Report: FlyDubai Jet Crashed Nose-Down During Go-Around


Airline crews should have more training on go-arounds, under recommendations issued this week by Russian investigators probing the March 19 crash of a Boeing 737 that killed all 62 people on board. The Interstate Aviation Committee’s interim report (PDF) on the crash at Rostov-on-Don airport details the FlyDubai jet’s flight path during the crew’s attempts to land in high winds and severe turbulence that had forced other flights to divert to alternates. After a first go-around due to a wind-shear alert, the jet entered a hold before a second approach to the airport. On final, data recorders indicated sudden changes in airspeed and acceleration as the pilot flying applied forward pressure on the control column then back pressure, then forward pressure. The jet was in a 50-degree nose-down attitude when it smashed into the ground at well over 300 knots, the report said.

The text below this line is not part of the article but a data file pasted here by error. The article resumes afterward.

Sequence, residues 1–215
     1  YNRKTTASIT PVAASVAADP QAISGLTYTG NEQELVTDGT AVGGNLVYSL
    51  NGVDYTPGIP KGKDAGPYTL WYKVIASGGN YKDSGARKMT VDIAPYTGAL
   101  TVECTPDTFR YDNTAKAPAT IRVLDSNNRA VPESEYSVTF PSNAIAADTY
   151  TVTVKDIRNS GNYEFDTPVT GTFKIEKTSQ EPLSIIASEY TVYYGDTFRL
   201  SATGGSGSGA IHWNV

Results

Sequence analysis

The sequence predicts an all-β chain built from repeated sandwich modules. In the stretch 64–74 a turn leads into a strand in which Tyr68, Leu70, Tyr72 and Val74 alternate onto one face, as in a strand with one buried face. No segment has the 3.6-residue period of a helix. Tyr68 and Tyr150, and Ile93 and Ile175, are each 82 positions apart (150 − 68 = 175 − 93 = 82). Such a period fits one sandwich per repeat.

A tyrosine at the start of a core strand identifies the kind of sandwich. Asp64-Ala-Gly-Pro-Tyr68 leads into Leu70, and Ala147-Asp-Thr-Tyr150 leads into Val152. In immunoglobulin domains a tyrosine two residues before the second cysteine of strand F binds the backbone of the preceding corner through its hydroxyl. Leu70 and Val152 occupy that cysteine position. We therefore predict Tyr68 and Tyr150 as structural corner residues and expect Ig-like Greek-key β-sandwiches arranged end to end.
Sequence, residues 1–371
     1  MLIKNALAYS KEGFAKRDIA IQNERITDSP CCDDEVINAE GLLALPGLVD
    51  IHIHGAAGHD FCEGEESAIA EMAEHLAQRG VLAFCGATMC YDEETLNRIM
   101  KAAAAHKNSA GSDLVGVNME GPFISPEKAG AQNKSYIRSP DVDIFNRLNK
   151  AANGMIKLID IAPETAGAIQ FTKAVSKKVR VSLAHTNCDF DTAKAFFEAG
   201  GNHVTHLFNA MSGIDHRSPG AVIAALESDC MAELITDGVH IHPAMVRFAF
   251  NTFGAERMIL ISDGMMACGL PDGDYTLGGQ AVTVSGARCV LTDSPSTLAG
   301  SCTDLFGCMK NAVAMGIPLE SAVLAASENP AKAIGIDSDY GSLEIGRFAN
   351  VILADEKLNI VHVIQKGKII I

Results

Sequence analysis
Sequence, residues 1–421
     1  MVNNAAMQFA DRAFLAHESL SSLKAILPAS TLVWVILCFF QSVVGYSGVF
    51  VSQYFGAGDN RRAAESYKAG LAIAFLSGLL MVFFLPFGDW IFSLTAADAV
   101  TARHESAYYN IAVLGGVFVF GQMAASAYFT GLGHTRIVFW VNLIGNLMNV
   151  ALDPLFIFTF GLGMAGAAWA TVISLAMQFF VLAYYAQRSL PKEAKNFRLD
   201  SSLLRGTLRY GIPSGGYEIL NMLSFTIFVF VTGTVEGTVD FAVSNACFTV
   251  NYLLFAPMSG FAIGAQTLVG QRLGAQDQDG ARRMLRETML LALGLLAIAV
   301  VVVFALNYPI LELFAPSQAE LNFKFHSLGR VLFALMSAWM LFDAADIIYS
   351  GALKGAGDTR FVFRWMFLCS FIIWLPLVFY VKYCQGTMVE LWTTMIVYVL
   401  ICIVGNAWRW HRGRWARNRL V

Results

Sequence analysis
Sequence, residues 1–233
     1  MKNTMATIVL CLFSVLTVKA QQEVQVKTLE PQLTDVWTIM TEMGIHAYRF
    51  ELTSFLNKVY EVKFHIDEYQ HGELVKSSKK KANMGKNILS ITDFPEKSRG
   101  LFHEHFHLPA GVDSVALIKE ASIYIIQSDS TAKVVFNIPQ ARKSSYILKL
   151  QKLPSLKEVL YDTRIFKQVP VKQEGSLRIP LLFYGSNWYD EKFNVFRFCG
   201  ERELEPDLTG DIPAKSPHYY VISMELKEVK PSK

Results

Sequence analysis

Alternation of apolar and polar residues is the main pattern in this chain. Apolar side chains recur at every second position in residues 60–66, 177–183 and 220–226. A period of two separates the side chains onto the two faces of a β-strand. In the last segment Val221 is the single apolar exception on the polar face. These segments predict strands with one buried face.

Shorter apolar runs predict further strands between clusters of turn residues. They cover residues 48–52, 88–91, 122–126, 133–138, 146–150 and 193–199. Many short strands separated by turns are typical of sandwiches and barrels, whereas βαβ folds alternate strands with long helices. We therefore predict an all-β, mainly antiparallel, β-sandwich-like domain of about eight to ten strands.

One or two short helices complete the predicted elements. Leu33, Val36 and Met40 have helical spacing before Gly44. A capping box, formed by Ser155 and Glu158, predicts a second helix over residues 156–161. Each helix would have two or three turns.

The report also recommends additional analyzing of reports from previous accidents in Russia during go-around attempts, specifically the Tatarstan Airlines Boeing 737 crash in 2013 at Kazan airport and the 2006 crash of an Armavia Airbus A320 at Sochi airport. It also recommends looking at the findings of a 2013 study (PDF) by the French air safety investigation agency BEA. The study examined accidents related to go-arounds and called for enhanced training as well as improving simulators to make them more effective in such scenarios.